Danganronpa Another Episode: Ultra Despair Girls is a game that isn’t sure that it should exist. Yes, it takes place in the Danganronpa universe that we have all come to know and love (hate?), and it shares some characters with the previous entries. It takes place between the first two Danganronpa games in the timeline, and although it offers supplemental information on those stories (and heavy spoilers from the first two games – do NOT play this game first if you intend on playing the other two), it shares very little in common with gameplay. Ultra Despair Girls features some of the same overall charm that the series is known for, but ultimately falls flat in execution.
The game starts off in the oft-used format of giving you access to all weapons and then stripping them away from you. This doesn’t seem to serve much purpose other than following conventional game design techniques; the weapons used in the game are not particularly interesting or desirable, and they lack substance overall, and thus the tease isn’t as impactful.
Unlike the main games in the series, Ultra Despair Girls’ main gameplay elements involve lackluster third person shooting and fairly unimaginative puzzle rooms. It feels like a game from a developer who has never worked on third-person shooters before. Clunky controls and aiming, occasional awkward animations, and uninventive methods of directing your gameplay (i.e. telling you directly: go over here) all spoil the experience.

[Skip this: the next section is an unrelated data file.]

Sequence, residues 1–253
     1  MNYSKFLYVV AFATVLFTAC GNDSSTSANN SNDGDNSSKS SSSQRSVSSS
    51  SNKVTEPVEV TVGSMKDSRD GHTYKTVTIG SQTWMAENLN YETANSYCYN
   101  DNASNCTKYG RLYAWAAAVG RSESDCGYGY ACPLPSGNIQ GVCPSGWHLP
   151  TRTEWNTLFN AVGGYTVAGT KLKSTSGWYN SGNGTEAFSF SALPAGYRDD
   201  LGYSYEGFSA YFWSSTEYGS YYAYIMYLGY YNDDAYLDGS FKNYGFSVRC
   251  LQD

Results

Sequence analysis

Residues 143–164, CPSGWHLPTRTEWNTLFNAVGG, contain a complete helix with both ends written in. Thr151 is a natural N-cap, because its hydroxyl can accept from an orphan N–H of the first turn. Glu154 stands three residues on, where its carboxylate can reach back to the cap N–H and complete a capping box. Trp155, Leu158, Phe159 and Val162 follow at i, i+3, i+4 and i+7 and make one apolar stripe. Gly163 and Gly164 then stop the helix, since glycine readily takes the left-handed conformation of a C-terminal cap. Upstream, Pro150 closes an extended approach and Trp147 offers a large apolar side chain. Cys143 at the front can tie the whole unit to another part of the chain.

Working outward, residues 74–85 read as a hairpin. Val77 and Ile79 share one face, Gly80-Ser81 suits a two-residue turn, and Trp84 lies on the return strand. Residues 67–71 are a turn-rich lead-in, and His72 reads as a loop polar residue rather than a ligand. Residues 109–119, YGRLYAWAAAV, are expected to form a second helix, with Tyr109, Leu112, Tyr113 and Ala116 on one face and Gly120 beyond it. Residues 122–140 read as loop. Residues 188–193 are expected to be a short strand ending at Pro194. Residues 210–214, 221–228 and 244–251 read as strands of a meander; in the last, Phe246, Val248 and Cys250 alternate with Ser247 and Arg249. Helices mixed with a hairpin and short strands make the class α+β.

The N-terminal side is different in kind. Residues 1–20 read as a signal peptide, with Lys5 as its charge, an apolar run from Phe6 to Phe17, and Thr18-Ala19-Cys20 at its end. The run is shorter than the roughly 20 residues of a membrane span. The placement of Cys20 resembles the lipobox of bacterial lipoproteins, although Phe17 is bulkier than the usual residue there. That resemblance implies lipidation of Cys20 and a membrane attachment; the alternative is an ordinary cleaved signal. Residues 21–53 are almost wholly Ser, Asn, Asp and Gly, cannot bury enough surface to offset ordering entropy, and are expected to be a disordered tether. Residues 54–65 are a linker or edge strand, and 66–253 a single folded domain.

Your gun consists of a megaphone that allows you to shoot several different types of bullets that affect enemies in a variety of ways, but the mechanics are terrible. First, you need to have pinpoint accuracy in order to get a boost shot by hitting your enemies directly in their left eye, which is especially difficult with the tiny twin sticks on the Vita. Frustrations from this annoying feature are exacerbated by poor gameplay design. There’s no option to quickly spin around, meaning you must slowly and laboriously turn your character around to face incoming threats. The auto-aiming is borderline broken; if you try to aim at a character that you’re directly facing, you will instead be spun around to aim at whatever enemy is closest to you. That might not be so bad if you actually aimed at that enemy, but unfortunately you’re just left aiming in a general direction. It reeks of 90’s shooters when developers were new to the genre and just figuring things out.
It’s even difficult to pick up items on the ground, as you have to be perfectly aligned in order to activate the proper action. There are some upgrades that you can get for your weapons, but it’s often not clear what these various “bling” upgrades even do, and it feels like yet another feature that was shoehorned in because they knew they were supposed to have such a system, but didn’t quite understand how to make it work.